‘Common Logic’ Is Not Always Logical
Much of the so-called “common logic” of direct-mail fundraising that is still being handed down to new generations of fundraisers is bunk. In reality, illogical methods often win the day. Let me review just a few of the most common situations in which uncommon ideas succeed.
Avoiding tax day
One of the oldest myths in our business is that you should avoid sending solicitations around April 15. The logic seems reasonable … potential donors should be in a less generous mood after cutting a large check to Uncle Sam.
In reality, I have not seen a consistent, measurable downturn around tax time with any of the dozens of clients I have worked with over the past 22 years. In fact, several of my clients experience their highest appeal response rates during this time period.
I believe it’s possible that so many organizations have suppressed mailings around April 15, that it actually has become a great time to mail, because there is less competition for those who continue to send out solicitations.
Long letters versus short letters
Is it better to write long letters or short letters? This is one of the most common debates you’ll hear between direct marketers. Some will adamantly argue that long letters are best. Others will be equally vehement about the necessity of shorter letters. I have seen and heard of numerous tests involving longer versus shorter letters.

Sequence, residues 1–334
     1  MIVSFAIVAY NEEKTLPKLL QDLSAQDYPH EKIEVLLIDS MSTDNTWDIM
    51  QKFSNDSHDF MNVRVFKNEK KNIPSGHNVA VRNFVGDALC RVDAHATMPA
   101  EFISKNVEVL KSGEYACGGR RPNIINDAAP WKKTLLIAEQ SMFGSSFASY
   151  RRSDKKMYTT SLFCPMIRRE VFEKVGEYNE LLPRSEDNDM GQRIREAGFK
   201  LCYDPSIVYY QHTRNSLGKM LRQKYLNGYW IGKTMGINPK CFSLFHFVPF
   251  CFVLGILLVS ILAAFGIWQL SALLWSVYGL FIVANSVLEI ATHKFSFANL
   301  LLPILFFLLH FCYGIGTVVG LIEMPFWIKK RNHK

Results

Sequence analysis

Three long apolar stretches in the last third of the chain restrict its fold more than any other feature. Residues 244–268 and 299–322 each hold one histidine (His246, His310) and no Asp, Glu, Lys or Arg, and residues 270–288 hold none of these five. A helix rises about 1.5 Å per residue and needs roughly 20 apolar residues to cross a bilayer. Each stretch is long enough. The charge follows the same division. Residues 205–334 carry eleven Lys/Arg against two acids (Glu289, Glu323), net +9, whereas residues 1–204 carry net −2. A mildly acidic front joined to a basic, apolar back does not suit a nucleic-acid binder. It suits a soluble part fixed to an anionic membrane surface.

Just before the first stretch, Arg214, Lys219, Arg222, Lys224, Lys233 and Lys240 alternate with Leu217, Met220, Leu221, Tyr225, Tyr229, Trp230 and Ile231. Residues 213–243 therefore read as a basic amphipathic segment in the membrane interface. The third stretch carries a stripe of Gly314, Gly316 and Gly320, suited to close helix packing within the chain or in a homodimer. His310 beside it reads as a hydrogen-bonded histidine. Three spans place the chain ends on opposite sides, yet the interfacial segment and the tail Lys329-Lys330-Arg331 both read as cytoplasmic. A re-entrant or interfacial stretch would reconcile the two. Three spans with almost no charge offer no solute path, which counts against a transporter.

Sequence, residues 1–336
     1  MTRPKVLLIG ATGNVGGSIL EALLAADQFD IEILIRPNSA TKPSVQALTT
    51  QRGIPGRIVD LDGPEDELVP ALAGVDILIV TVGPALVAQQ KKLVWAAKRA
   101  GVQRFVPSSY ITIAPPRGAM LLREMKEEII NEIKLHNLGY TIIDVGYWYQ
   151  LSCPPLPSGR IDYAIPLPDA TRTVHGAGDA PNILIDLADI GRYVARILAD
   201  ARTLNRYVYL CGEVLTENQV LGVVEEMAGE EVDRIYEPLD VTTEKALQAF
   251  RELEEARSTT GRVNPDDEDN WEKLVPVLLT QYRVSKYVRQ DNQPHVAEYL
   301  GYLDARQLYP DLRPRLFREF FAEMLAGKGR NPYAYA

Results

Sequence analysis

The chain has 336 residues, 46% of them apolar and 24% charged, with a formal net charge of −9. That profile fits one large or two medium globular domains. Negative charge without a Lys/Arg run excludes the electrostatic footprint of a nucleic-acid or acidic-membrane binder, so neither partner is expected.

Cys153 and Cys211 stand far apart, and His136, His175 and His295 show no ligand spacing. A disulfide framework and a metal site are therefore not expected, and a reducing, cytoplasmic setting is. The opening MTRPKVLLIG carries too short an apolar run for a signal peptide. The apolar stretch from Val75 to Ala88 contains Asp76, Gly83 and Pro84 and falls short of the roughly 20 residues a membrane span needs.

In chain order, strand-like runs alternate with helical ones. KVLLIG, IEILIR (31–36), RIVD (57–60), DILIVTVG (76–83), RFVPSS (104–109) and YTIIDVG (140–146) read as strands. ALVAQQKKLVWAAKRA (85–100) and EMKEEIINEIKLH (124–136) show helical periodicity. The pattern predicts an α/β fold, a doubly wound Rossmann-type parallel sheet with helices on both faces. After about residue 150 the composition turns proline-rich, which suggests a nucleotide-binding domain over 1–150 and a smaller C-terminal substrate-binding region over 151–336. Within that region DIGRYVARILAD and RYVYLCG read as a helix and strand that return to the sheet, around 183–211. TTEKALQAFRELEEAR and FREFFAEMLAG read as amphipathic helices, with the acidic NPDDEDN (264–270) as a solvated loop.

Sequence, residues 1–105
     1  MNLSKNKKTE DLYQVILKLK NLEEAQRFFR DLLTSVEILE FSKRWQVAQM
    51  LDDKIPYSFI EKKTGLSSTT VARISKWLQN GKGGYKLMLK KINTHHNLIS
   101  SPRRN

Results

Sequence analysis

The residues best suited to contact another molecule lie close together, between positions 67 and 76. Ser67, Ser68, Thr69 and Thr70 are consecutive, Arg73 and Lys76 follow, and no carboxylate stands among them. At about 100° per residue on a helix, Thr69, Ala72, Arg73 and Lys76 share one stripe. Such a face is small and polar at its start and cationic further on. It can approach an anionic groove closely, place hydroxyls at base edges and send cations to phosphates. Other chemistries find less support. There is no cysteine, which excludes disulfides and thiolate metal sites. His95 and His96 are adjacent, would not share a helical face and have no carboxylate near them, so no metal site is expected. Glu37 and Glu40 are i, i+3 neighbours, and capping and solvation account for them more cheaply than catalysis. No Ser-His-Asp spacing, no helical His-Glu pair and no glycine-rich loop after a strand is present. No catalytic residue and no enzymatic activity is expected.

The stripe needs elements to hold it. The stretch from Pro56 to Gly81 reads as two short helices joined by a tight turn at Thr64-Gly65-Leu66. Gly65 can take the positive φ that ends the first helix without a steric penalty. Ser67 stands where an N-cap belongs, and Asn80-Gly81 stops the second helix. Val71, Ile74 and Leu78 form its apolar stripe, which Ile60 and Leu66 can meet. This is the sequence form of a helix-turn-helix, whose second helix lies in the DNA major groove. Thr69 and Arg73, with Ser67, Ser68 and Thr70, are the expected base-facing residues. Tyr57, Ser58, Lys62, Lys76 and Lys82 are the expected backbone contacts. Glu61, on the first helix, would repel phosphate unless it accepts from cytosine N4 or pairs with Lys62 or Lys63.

There are few other arguments in direct-mail fundraising that are as fruitless as this debate. This should not be an “either/or” deliberation. Sometimes short letters are best. At other times, longer letters are preferable. It just depends on the subject, the client and the moment.
It doesn’t matter whether you’re writing a prospect letter, an appeal to a lower-dollar donor or a solicitation to a major donor, the letter should be short or long depending on the individual need of the package.